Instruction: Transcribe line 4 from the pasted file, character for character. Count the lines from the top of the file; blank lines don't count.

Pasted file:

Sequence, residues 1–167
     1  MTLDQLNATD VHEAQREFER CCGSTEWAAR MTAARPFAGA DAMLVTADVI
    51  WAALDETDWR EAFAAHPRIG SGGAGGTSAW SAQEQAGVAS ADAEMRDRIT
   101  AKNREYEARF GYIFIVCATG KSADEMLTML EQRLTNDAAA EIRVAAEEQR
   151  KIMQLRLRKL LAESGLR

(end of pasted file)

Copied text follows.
   101  AKNREYEARF GYIFIVCATG KSADEMLTML EQRLTNDAAA EIRVAAEEQR